CLOSE: So they’re feral again.


CLOSE: The times I’ve been in Australia, I really noticed the use of the word feral—feral cats, feral dogs, and now feral camels. [both laugh] Did you have pets when you were growing up? Do you feel an affinity with animals, or was this something that you had to get used to?

WASIKOWSKA: We asked for a dog but we weren’t allowed one. I loved animals so much, but we didn’t really grow up with them, until a bit later on, when everybody started rebelling and bringing home rabbits and fish. We had almost everything other than dogs, which ended up being so much more trouble than if we just got a dog. If one of us got a rabbit, then everybody had to get a rabbit, and then it was three rabbits and three hutches. It was a disaster. [both laugh]

CLOSE: The dog part of the story in Tracks was very touching. And as somebody who grew up with dogs and has never been without one trotting
behind me, I could understand her despair.

WASIKOWSKA: I think Robyn felt like she’d never had a friend like her dog, so that’s pretty heartbreaking.

CLOSE: Did she really have to shoot her?

WASIKOWSKA: She did. It was horrible. I heard you had a blog for dogs?

CLOSE: I did, and I loved it. I would interview people in our profession who loved dogs. So just one more camel question—did any of the camels get to know you? Did you kind of have an affinity? I noticed you almost kissed the little camel on the lips at one point. [laughs] Its lips went way out. It was so cute.

WASIKOWSKA: Really? That’s funny. I loved them so much. They were a constant source of entertainment for everybody. One camel decided it didn’t like Adam Driver, who played Rick [Smolan, the National Geographic photographer who documented Davidson’s trek]. Every time Adam went near him, the camel would gurgle and growl. It became such a joke. I would love to see the baby one now, because she was so little on the film.

CLOSE: What made you want to do this particular story?

WASIKOWSKA: Well, I read the book; I actually read the script first and I loved it so much. I think people react really differently to the circumstances of their life, and there was something about the way that Robyn reacted to all of the events in her life—culminating in this idea that she wanted to take this trip out of the blue—that was so beautiful. There was an element of testing herself, putting herself on the line, wanting to know she could go through something and come through on the other side. There’s a rite of passage to becoming a grown-up that I think we all put ourselves through. And I loved the way she did it. I felt like I understood her. I never had a problem understanding why she would want to do something like that. It seemed perfectly fine to remove yourself from the everyday.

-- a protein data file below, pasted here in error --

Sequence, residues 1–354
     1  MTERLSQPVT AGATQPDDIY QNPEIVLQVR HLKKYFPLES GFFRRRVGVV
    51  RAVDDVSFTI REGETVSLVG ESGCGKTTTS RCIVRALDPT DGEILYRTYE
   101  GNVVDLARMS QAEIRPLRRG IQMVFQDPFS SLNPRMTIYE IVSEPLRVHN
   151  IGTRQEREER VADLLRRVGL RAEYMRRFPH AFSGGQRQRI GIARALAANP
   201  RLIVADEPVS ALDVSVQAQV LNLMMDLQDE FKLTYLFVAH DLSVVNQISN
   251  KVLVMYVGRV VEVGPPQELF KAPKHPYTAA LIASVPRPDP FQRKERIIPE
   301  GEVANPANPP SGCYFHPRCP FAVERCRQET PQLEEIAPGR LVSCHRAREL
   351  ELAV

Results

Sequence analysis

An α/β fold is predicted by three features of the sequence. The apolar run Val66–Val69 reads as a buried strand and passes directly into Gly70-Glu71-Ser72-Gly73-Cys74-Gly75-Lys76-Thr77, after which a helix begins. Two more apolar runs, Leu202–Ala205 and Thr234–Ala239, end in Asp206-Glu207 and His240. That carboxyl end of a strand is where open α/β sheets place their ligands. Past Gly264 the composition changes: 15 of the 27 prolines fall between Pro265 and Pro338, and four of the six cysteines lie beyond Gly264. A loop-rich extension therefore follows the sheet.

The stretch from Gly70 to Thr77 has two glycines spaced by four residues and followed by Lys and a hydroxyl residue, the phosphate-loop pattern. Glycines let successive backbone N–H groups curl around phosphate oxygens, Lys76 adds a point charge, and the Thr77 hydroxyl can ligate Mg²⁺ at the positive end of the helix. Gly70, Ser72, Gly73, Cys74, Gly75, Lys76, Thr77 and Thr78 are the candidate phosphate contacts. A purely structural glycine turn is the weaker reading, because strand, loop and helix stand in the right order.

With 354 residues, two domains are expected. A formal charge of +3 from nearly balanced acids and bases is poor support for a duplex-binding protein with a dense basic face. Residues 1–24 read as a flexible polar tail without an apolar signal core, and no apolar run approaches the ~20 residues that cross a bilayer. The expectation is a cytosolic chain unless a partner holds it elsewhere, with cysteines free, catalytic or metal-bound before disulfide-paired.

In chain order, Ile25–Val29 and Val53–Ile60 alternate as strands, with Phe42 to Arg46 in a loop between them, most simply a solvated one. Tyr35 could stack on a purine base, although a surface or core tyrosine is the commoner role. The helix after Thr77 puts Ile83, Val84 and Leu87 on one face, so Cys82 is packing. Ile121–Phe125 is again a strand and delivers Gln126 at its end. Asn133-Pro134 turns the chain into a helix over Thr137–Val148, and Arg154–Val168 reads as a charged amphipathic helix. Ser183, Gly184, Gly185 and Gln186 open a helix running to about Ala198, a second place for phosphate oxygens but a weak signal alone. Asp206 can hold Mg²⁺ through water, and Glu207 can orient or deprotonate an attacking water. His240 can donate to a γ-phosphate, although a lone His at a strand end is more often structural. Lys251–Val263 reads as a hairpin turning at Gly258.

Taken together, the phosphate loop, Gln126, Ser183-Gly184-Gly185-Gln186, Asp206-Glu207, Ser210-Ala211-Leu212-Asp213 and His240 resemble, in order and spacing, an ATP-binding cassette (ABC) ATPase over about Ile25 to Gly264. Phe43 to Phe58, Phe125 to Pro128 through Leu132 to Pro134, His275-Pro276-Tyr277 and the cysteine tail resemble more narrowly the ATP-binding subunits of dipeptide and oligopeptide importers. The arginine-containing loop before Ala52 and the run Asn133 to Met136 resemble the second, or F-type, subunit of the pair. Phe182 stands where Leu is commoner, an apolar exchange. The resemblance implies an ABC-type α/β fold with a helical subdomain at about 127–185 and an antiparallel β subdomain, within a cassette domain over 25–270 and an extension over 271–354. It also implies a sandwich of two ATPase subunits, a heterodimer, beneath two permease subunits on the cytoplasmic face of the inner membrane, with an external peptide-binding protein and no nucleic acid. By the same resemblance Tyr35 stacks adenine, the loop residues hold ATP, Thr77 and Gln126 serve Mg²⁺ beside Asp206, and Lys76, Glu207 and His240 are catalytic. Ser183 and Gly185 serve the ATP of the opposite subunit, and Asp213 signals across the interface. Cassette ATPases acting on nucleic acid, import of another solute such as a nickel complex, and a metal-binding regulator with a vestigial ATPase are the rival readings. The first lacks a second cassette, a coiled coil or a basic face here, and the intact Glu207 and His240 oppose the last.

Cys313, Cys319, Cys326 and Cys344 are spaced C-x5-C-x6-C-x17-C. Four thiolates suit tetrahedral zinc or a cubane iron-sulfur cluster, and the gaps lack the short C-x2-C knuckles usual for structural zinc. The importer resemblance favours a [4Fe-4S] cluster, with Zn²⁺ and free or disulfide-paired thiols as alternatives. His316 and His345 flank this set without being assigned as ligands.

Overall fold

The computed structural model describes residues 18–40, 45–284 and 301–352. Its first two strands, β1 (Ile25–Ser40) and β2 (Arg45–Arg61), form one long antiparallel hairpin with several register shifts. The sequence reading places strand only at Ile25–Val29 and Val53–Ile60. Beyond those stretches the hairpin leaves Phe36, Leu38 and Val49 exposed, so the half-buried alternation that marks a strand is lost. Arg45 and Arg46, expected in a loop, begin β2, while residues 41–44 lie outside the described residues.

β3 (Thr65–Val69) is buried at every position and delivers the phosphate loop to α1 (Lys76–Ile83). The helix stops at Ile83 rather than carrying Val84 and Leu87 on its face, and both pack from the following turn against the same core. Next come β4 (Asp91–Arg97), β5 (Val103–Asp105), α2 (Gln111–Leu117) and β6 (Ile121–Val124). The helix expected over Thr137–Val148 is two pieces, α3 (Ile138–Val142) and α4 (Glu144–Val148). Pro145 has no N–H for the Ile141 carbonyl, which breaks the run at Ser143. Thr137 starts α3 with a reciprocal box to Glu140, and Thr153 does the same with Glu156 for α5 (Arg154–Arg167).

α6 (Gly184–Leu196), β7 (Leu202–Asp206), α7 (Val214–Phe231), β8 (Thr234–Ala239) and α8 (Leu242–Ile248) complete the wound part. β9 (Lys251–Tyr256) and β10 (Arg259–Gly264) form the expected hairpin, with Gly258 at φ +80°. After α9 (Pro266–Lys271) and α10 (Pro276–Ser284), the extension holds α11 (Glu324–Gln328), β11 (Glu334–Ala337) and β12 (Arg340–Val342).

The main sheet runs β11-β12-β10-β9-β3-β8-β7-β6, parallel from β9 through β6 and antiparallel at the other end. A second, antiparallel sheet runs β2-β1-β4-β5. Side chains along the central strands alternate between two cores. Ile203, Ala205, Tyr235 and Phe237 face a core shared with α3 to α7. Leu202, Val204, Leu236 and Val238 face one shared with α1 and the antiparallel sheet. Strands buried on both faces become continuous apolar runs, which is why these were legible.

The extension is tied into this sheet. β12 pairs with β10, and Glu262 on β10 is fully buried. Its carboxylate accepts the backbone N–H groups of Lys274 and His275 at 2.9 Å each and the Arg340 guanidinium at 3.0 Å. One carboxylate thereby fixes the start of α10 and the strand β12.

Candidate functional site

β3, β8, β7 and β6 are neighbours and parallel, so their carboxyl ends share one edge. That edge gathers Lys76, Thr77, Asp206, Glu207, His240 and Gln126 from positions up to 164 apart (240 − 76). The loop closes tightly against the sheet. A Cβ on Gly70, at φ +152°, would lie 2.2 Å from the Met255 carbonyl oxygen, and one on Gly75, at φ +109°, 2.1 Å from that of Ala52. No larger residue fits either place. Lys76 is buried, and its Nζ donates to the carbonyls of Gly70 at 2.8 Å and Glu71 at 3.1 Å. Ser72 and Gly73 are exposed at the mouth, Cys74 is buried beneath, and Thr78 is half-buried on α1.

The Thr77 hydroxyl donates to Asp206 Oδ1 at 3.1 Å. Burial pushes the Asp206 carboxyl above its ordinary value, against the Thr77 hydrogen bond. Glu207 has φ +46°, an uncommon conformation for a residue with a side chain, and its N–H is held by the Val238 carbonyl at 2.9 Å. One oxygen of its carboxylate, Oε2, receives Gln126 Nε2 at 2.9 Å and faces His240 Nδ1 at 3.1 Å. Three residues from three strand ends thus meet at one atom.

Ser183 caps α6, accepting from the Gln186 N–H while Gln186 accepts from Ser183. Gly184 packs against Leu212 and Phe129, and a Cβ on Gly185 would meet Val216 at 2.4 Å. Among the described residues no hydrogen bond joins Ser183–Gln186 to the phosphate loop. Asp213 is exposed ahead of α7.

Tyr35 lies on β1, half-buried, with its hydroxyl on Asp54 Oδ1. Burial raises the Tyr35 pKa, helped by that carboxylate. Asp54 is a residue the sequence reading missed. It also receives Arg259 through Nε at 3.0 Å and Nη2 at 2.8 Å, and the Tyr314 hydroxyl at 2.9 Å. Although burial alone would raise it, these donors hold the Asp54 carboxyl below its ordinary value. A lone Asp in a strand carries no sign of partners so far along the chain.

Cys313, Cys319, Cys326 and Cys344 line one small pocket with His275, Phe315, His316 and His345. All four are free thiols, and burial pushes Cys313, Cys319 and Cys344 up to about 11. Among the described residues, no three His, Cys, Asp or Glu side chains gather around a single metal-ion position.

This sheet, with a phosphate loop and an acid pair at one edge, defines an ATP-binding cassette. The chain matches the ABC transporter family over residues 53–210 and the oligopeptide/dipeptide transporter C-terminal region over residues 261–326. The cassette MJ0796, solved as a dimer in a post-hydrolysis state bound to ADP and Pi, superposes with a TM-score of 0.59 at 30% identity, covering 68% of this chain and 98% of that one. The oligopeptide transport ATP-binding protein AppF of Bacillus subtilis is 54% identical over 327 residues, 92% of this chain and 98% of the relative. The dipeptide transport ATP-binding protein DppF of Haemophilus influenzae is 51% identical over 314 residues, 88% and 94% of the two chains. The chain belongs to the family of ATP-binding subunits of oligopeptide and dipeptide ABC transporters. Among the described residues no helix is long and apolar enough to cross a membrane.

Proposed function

CLOSE: It really communicated the noise of our civilization. Everywhere you turn, it’s talk, talk, talk. To find yourself in silence and space, going through the crucible of the desert—I could totally understand it.

WASIKOWSKA: We used to go camping a lot growing
up, and I could never understand why other people would bring a boom box. We’d be in the bush, in the forest, and there’d be like bmph bmph bmph. That doesn’t make any sense!

CLOSE: I know. Bringing all the noise with you. What was it like for you, personally, to be in that desert during the movie?

WASIKOWSKA: It was great. I hadn’t filmed in Australia since I was 17. It had been such a long time since I’d worked in my own home country that I started thinking of the two things as separate—home was Australia and work was somewhere else. It was amazing to merge the two, and it was super important, I think, especially at that time in my life—which is still now, I guess—to connect to my home while I was doing my work. So even though it was isolating being in the desert, I felt a lot less isolated than I have on other films because I was on the same time frame as my family. I could pick up the phone at any time during the day and call friends or call home. That was really nice. I have this funny thing that, if war breaks out, or if anything catastrophic goes down, I want to know that I can walk home. I hate the feeling when I’m overseas, away from Australia, that I’m trapped, blocked by an ocean from getting to the people I love. That gives me anxiety.

CLOSE: That’s something that I never would have thought of, but you said it very eloquently. Home for you is still very much Australia, and it’s a long flight. I think it’s one of the hardest things about our business, that most of the time you have to go away from your home.

WASIKOWSKA: How did you feel as a young actress, traveling a lot? Did it feel isolating for you?

CLOSE: It probably really kicked in when I had Annie because I was very aware of being away from home. But for you, it’s not only being away from home but being across a huge ocean. Do you think that has affected your work?